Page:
The House and Senate finally agree on something: Robocalls

In these times of political strife, it’s nice that despite our differences we can still band together as a nation in the face of a catastrophe that affects us all equally. I speak, of course, of robocalls, and it seems that the House and Senate have put their differences aside for the present in order to collaborate on a law combating this scourge. Despite a great deal of FCC bluster, a few high-profile fines and some talk from telecoms about their plans to implement new anti-robocall standards, half the country’s phones are still blowing up regularly with recordings and scammers on the other side. If regulators find it difficult to act, ultimately what’s needed is legislation, and lawmakers — who no doubt are receiving the calls themselves, which might have given the tas...

Facebook’s Libra code chugs along ignoring regulatory deadlock

“5 months and growing strong” the Libra Association announced today in an post about its technical infrastructure that completely omits the fierce regulatory backlash to its cryptocurrency. 40 wallets, tools, and block explorers plus 1,700 Github commits have how now been built on its blockchain testnet that’s seen 51,000 mock transactions in the past two months. Libra nodes that process transactions are now being run by Coinbase, Uber, BisonTrails, Iliad, Xapo, Anchorage, and Facebook’s Calibra. Six more nodes are being established, plus there are 8 more getting set up from members who lack technical teams, meaning all 21 members have nodes running or in the works. But the update on the Libra backend doesn’t explain how the association plans to get all the wa...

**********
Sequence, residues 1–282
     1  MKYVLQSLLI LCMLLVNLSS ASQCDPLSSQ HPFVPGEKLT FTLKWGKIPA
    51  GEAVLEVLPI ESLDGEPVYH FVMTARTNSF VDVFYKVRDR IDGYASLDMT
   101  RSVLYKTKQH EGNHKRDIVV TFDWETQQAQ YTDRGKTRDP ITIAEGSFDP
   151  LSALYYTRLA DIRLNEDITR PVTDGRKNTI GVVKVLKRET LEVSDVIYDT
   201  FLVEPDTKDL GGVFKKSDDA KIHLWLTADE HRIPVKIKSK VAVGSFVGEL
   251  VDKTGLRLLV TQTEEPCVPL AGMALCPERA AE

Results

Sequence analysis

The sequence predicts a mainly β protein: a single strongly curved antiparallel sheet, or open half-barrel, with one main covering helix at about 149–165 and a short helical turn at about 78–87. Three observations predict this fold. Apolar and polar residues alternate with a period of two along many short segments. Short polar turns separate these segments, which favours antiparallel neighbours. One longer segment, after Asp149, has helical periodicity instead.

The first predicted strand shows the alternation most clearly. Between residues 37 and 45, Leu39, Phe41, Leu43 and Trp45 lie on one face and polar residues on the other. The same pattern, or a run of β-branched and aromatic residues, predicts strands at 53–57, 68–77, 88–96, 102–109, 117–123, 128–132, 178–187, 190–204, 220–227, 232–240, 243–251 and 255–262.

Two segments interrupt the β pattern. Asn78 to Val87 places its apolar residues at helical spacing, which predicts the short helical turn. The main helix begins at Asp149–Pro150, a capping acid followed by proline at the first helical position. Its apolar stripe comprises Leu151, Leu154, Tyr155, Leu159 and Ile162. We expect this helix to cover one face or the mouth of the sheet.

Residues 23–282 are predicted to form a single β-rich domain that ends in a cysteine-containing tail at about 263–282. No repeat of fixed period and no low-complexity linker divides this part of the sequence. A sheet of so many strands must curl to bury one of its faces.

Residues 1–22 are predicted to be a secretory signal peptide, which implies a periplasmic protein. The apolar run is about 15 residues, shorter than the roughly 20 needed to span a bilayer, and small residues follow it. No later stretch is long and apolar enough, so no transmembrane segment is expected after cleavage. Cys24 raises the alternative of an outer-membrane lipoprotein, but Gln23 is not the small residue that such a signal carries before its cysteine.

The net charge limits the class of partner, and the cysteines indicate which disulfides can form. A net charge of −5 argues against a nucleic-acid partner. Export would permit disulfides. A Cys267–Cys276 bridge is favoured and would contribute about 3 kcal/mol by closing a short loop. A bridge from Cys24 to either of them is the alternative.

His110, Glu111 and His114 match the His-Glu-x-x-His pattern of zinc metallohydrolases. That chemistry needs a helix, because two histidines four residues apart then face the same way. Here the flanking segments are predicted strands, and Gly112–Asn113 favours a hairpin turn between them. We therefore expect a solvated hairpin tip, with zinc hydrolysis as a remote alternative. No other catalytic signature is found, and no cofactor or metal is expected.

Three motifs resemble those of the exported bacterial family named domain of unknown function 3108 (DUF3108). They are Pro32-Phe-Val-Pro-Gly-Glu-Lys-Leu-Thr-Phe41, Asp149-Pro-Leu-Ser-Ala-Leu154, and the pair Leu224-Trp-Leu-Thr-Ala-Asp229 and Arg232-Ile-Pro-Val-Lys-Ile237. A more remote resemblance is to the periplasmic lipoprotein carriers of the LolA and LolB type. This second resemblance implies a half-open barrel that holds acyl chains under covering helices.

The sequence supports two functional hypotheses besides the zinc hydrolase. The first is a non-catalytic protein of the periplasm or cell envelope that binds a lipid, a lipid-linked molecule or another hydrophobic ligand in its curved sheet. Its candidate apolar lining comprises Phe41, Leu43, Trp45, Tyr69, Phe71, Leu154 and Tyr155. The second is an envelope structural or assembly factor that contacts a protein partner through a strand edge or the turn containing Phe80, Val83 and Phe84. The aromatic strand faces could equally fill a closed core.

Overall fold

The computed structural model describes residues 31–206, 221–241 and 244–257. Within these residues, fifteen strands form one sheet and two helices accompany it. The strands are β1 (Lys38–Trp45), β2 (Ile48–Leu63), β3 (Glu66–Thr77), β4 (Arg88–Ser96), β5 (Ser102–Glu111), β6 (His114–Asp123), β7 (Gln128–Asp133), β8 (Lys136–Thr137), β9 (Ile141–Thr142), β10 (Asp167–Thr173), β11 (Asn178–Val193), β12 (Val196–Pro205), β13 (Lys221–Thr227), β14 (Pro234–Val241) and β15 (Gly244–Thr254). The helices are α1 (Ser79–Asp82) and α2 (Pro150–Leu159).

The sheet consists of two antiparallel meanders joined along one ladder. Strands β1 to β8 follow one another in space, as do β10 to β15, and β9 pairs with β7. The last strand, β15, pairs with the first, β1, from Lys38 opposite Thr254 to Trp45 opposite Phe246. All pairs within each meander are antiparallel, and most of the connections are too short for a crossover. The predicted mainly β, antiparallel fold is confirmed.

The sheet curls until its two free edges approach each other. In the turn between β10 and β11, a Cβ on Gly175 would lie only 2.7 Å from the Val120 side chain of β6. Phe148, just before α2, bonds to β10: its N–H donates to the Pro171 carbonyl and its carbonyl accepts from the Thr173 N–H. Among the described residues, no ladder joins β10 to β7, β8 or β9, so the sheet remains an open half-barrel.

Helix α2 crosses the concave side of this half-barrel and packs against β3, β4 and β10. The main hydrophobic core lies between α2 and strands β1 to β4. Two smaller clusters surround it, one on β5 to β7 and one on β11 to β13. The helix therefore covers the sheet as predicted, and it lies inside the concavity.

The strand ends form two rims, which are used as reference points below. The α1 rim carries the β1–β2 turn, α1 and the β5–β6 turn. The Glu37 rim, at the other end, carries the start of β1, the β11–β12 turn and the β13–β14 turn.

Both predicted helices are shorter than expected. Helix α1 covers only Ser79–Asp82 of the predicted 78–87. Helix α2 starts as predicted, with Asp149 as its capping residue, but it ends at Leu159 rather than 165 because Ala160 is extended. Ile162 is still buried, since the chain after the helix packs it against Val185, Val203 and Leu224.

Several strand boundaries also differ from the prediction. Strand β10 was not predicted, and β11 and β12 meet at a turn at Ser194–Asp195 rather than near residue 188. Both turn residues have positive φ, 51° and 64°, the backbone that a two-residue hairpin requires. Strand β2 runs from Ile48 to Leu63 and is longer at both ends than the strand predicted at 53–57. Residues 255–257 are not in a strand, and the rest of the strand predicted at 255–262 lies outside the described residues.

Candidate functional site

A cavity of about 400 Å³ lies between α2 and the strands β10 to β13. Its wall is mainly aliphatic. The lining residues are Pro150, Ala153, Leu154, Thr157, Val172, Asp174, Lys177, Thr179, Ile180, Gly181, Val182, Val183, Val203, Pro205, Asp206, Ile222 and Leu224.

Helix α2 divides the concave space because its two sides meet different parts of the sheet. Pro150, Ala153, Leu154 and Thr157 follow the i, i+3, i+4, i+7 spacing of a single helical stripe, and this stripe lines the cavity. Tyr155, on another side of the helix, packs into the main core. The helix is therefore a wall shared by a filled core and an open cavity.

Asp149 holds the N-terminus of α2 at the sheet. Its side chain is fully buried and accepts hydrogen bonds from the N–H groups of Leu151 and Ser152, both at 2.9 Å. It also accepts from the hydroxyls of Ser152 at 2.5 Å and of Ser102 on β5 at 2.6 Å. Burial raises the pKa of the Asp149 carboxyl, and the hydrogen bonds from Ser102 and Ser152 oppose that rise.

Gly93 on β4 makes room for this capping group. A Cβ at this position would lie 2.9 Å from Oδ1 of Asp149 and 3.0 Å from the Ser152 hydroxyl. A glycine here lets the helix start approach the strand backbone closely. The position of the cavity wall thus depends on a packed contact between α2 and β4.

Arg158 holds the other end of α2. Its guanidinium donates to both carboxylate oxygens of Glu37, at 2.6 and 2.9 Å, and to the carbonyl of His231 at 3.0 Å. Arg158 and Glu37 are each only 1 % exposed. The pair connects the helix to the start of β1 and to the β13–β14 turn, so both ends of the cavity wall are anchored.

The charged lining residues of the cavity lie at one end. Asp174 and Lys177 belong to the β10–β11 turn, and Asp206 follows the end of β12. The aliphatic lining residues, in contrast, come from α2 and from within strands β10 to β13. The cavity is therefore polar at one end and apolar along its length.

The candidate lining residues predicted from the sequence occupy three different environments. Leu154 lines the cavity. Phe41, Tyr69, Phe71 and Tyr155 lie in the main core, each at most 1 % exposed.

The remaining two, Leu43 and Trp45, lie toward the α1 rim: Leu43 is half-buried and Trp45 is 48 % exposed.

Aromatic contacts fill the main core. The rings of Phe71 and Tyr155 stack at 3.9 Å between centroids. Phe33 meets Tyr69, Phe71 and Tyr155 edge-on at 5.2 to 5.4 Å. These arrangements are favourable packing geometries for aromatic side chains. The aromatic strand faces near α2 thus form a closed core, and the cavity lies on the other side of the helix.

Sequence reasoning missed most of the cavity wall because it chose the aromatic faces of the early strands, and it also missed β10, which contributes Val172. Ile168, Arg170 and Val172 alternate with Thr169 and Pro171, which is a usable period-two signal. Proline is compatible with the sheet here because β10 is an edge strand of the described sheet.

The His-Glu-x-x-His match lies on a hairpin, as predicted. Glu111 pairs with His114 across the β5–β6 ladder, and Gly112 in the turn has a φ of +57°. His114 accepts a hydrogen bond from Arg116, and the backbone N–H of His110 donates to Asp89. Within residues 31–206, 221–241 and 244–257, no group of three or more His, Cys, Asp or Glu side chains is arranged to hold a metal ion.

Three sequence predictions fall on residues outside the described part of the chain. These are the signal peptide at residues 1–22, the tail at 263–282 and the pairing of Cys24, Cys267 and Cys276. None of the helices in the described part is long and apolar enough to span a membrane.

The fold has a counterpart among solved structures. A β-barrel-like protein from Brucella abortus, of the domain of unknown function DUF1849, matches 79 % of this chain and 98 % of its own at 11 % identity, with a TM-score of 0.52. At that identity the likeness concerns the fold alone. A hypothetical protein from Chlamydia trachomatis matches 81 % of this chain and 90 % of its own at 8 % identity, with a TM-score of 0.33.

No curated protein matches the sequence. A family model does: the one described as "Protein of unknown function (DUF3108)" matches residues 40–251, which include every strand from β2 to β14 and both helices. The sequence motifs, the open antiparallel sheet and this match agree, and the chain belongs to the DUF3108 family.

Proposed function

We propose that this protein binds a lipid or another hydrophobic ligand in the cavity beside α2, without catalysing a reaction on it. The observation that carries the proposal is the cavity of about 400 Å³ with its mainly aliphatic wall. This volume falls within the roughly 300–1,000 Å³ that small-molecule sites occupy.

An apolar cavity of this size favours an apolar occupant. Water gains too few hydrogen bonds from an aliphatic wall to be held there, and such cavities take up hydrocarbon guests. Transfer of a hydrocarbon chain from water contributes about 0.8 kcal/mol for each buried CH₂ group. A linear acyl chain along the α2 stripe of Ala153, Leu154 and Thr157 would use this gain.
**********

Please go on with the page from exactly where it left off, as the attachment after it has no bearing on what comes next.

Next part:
Twitter makes its political ad ban official

The ban on political ads announced by Twitter two weeks ago has come into effect, and the rules are surprisingly simple — perhaps too simple. No political content as they define it may be promoted; candidates, parties, governments or officials, PACs and certain political nonprofit groups are banned from promoting content altogether. The idea intended to be made manifest in these policies is that “political message reach should be earned, not bought,” as the company puts it. It’s hard to argue with that (but Facebook will anyway). The new rules apply globally and to all ad types. It’s important to make clear at the outset that Twitter is not banning political content, it is banning the paid promotion of that content. Every topic is fair game and every person or organ...

Takeaways from Nvidia’s latest quarterly earnings